John 10:11, 17-18 (NRSV)
I am the good shepherd. The good shepherd lays down his life for the sheep. For this reason the Father loves me, because I lay down my life in order to take it up again. No one takes it from me, but I lay it down of my own accord. I have power to lay it down, and I have power to take it up again. I have received this command from my Father.
This is the primary mark of a good shepherd. He is willing to die that the sheep might live. That is what the story of the cross is all about.
– Edward Markquart, Sermons from Seattle
Sheep appointed for the slaughter, ready to be sacrificed, were ransomed with the blood of the shepherd. He laid down his life, hyper ton probaton, not only for the good of the sheep, but in their stead. Thousands of sheep had been offered in sacrifice for their shepherds, as sin-offerings, but here, by a surprising reverse, the shepherd is sacrificed for the sheep. – Matthew Henry, Commentary on the Whole Bible Volume 5
A comment on this text from H. H. Farmer has stayed with me over the years, to the effect that in his suffering and death Jesus was by no means a victim of circumstance, like a windblown leaf whipped about by evil forces. No one took his life from him. He offered it freely. Before the Sanhedrin, Herod and Pilate, he is in control. He declares that they would have no power over him save from on high. He can already see his place at the Father’s right hand of power. These others cannot. They are the excited ones, and thereby the weak ones. With a regal air he speaks of his power to lay down his life and take it again. Herein lies the power and mystery of the Easter faith, that this risen Lord and faithful Shepherd has done the decisive deed in beating down sin and robbing death of its paralyzing thrall. – From Shepherding by F. Dean Lueking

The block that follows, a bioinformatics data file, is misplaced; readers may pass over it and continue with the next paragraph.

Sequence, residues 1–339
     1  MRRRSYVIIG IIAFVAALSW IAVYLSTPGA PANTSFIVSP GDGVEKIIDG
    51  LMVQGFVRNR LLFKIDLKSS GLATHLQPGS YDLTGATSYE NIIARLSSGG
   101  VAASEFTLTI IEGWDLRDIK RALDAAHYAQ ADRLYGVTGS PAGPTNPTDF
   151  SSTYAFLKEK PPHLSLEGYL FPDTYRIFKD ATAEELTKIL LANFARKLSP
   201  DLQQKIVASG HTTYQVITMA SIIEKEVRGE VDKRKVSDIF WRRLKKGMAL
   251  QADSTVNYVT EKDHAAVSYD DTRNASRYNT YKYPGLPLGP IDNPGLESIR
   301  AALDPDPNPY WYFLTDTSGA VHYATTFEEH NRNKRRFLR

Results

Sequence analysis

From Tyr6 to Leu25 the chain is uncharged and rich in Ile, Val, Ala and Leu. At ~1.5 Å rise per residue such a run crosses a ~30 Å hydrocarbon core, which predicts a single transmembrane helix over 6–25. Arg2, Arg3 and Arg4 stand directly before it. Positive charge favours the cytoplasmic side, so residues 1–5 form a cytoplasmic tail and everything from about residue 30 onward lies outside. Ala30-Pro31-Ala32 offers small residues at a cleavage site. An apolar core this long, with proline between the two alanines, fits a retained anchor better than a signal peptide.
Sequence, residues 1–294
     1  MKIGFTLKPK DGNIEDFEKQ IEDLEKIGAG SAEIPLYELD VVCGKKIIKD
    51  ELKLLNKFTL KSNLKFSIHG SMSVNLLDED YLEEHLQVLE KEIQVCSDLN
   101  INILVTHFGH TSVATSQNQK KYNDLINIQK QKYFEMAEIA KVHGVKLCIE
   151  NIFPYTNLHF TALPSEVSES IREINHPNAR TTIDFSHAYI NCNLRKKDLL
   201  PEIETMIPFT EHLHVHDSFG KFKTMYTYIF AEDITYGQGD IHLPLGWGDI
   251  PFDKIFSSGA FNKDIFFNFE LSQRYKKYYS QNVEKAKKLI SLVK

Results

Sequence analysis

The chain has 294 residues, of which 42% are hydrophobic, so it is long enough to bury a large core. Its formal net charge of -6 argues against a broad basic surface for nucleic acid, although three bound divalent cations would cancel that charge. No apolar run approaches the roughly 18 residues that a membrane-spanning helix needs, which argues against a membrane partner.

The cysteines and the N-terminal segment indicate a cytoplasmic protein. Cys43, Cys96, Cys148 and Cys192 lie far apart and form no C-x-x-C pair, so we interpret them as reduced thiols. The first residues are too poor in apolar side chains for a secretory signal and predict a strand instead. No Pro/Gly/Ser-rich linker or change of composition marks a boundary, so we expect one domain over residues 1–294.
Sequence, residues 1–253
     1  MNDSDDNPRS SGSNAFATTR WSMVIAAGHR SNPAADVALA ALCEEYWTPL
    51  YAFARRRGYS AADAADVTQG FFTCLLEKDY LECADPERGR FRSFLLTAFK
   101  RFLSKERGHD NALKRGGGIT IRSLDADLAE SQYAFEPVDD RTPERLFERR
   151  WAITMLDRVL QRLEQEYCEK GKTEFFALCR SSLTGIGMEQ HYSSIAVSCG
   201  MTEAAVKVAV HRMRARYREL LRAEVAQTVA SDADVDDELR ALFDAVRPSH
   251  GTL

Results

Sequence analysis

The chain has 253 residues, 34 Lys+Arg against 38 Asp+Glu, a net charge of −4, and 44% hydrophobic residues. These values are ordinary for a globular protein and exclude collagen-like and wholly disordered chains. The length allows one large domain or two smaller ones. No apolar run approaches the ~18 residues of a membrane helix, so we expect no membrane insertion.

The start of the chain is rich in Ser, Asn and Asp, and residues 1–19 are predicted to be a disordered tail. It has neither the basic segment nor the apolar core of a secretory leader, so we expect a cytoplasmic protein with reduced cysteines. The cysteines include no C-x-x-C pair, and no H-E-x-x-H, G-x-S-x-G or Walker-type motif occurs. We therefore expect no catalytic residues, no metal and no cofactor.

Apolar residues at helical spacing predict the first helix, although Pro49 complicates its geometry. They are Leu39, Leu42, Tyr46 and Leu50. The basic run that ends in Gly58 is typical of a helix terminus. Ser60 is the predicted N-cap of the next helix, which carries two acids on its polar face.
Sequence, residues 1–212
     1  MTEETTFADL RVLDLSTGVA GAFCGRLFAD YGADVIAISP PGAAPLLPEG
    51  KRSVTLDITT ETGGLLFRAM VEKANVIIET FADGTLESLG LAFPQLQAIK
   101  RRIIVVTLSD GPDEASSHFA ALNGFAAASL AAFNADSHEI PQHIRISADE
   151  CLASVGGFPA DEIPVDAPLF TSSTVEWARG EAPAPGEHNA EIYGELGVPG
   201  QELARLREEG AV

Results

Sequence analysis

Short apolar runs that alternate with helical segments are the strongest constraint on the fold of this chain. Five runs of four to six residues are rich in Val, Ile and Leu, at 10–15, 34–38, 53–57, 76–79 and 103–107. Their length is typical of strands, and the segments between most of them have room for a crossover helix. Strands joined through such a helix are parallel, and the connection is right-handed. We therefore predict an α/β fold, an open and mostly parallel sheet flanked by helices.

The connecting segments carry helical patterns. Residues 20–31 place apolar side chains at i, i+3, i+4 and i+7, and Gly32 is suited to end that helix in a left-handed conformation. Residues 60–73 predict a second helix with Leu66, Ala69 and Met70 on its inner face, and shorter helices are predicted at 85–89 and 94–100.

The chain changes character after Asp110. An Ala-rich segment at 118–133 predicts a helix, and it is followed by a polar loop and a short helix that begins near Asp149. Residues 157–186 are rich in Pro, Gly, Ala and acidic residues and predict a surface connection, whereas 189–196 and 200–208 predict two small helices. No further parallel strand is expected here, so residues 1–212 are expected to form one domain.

Extended quote by William Loader from his blog First Thoughts
The ancient shepherd of Palestine or Asia Minor had to be tough, worked often in areas of sparse growth, frequently amid danger from wild animals and sheep stealers, and, above all, had to protect the flock, especially at night, when they would often be rounded up into a small pen. John 10 reflects this less than idyllic world. The bland teddy bear image gives way to a picture of tension: positively, a shepherd doing his job to the utmost; negatively, dangers which threaten the sheep (in the present and the future) and which will kill him. Life and death dance together…
The good shepherd lays down his life for the sheep. For some, various images of atonement come flooding in at this point: he became the sacrificial lamb. This may be a helpful image, but we should see that it is not really what John is talking about. Rather John is referring to Jesus’ being prepared to face danger and death for the sake of his disciples. It is not about theories of atonement. His commission (command, as John 10:17-18 put it) was to come offering life. This he did. Carrying that through faithfully meant being prepared to die for it. This he did. This happened in the light of the larger goal: so that he could take up his life again and then, through the Spirit, spread it over all the world.
You are not a hireling who runs away at the sight of danger,
but Your fidelity was tested and proven on the wood of the cross.
Accept the gift of our gratitude for Your marvelous care.
Help us to hear and follow Your voice.
Watchful Shepherd, who protects the flock
and searches tirelessly for those who wander from the fold,
retrieve the lost and bring them home.
Tend and heal their wounds.
Good Shepherd, who lays down His Life for His sheep,
nourish Your people with the Bread of Life,
that we may reflect Your likeness
and enjoy the spring of Living Water that never ends.
Amen.– traditional prayer, author unknown
Click here for a beautiful reflection entitled The Shepherd’s Voice by Steve Garnaas Holmes.
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